All you need to know about how Greece's anti-nationalist Looney Left SYRIZA got taken to the cleaners in a deal to let the Former Yugoslav Republic of Fake Macedonia (FYROFM) change its name to North Macedonia – giving away the name of the ancient abutting province of the real Macedonia in Greece – could be seen in a BBC news report the morning after a Sept. 30 referendum which drew a paltry 36.9 percent of voters.
The reporter was standing under a statue of Alexander the Great in the capital of Skopje, a country the news media still refers to as Macedonia, despite its 1991 agreement with Greece to be called FYROM, but perhaps you can't blame them for wanting another name as theirs could easily be confused with some kind of lubricant you put on screws you can't get loose. “Pass me the FYROM will you?” Fake Macedonia Premier Zoran Zaev, in an apparent concession to Greece's Prime Minister Alexis “Clueless” Tsipras, had agreed to take down a statue of Alexander – the Greek conqueror, imperialist though he may have been – from his country's international airport, which was also named for Alexander and now is called International Airport Skopje.
That 2-meter (6-5) high statue was put at the airport in 2011 as a gift from the Turkish concessionary TAV, which operates the facility and gave the Turks another chance to stick it to the Greeks while pretending to want better relations.
Fake Macedonia's national highway, also named for Alexander – boy, they love that name since they don't have a real hero – was renamed Friendship Highway, which must have made the hairs on the back of the necks of the Slavs stand up in pride. He wasn’t Alexander the Slav.
That was just a feint though by the clever Zaev who snookered Tsipras and his water carrier, Foreign Minister Nikos “I'm Not a Stalinist” Kotzias, who, as part of the deal, agreed to let residents of that little spit of land north of Greece, which has no real history, to be called Macedonians and have a Macedonian language, culture and identity, all of which belong to Greece.
So anxious were Tsipras and Kotzias to give away Macedonia, and end a 27-year feud that began when a New Democracy administration first did it, that they would have agreed to give away the actual Macedonia – in Greece – and toss in the major port of Thessaloniki that Fake Macedonia also claims as its own.
The deal signed at Lake Prespes earlier this year, a spot bordering the countries, also would open the door for what would be North Macedonia's entry into NATO and opening European Union accession talks, both barred by Greek vetoes that Tsipras lifted.
All that was contingent, however, on Fake Macedonians approving of the referendum – which didn't mention the name North Macedonia – and then the Greek Parliament approving, which it will, even with Tsipras' junior coalition partner, the pro-austerity, marginal, jingoistic Dependent Greeks (ANNUL) of Defense Minister Panos “Weathervane” Kammenos opposing it.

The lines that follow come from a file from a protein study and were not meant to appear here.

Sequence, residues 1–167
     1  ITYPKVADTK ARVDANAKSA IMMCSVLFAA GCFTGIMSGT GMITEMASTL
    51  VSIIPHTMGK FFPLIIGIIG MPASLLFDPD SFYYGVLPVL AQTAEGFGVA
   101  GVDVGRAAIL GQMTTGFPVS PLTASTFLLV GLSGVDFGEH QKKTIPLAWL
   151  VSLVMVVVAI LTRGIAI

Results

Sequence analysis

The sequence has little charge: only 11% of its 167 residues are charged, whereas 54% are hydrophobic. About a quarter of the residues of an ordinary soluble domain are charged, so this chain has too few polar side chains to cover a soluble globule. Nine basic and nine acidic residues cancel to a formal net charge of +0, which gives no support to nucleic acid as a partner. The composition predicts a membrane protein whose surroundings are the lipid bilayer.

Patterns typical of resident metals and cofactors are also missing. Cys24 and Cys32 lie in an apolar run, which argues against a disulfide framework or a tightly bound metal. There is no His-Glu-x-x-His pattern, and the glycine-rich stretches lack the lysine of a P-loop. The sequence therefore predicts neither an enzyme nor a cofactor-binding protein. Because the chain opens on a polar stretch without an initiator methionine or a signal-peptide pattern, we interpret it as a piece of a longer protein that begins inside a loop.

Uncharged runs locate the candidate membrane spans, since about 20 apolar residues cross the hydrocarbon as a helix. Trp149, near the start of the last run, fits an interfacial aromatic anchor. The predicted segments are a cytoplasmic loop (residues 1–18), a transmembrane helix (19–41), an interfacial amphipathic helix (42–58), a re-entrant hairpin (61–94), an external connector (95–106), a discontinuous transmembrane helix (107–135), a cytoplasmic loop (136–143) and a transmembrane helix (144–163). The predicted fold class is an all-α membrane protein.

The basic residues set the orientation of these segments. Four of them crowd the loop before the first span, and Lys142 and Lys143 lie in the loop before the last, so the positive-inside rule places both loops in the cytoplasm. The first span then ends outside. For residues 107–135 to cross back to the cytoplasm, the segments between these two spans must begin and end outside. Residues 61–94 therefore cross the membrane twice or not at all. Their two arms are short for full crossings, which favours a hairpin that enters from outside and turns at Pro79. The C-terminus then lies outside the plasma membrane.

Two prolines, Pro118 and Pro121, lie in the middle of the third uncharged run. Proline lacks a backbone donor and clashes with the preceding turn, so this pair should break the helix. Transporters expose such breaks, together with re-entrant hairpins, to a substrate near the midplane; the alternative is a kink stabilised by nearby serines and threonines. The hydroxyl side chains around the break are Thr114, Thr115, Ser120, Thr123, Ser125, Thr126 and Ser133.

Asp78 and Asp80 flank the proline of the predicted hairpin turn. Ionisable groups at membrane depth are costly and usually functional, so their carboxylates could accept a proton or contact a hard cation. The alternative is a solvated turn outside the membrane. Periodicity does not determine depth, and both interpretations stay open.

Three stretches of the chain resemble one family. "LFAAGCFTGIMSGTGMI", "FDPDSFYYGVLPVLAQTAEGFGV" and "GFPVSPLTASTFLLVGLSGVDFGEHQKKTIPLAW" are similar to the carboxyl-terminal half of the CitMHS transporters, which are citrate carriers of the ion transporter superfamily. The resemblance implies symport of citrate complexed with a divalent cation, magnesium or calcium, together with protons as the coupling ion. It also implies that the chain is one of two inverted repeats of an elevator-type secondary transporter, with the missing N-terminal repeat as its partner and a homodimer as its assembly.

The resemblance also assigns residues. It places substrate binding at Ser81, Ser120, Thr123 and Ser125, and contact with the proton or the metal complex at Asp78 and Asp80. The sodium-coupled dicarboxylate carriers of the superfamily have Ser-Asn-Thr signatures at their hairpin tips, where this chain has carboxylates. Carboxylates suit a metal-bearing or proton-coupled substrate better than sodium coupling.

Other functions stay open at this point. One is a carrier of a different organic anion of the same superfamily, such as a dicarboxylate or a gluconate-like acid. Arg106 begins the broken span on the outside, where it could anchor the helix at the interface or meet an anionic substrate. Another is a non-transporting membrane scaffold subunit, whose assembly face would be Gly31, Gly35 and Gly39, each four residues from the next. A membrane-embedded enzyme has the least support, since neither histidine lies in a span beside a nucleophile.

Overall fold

Kammenos, who changes his mind faster than Tsipras breaks his promises, has alternately said he would instruct his seven lawmakers to vote against it – at least one or two said they wouldn't – that he would take the party out of the coalition, and that he wouldn't stand in the way of a deal.
The question has to reach the Greek Parliament, and Zaev, who said he would quit if the referendum resulted in a thumbs down, rejoiced that 91.4 percent of those who ignored a call by opponents to boycott the referendum and showed up approved of the agreement. So 91.4 percent of 36.9 percent of Fake Macedonians approve of the deal, which means nearly 70 percent of voters don't or didn't care. Now there's a mandate you can count on.
With fewer than 50 percent of voters turning out, the vote was merely advisory but Zaev couldn't wait to claim a victory, a triumph, and that he would forge ahead and now try to convince his Parliament, where at last count he was seven votes short, to change the Constitution to remove irredentist claims on Greek lands, including the real Macedonia and Thessaloniki.
If he fails to get Parliament to change the Constitution, Zaev said he would call early elections, which could tend to muddle the news that could make you puke in your Cheerios that he and Tsipras were being considered for the Nobel Peace Prize for trying to jam down the throats of the citizens in both countries – who, given the referendum and with 62 percent of Greeks opposed – are a majority who don't want it.
Given the Nobel's history – Henry “Warmonger” Kissinger, who let Turkey invade Cyprus – got it, it would not be a surprise if it went to Tweedledum and Tweedledee, Zaev, and Tsipras, who locked arms like lovers in a tryst so badly did they want an agreement their citizens really don't. There’s a reason why Ig Nobel Prizes are given and Zaev and Tsipras deserve this particular dishonor.
This is about their self-aggrandizement and personal glory, not their countries, so expect Spin Tsipras to explain it like this if he gets the Nobel, in the words of Tweedledee: “Contrariwise, 'if it was so, it might be; and if it were so, it would be; but as it isn't, it ain't. That's logic.”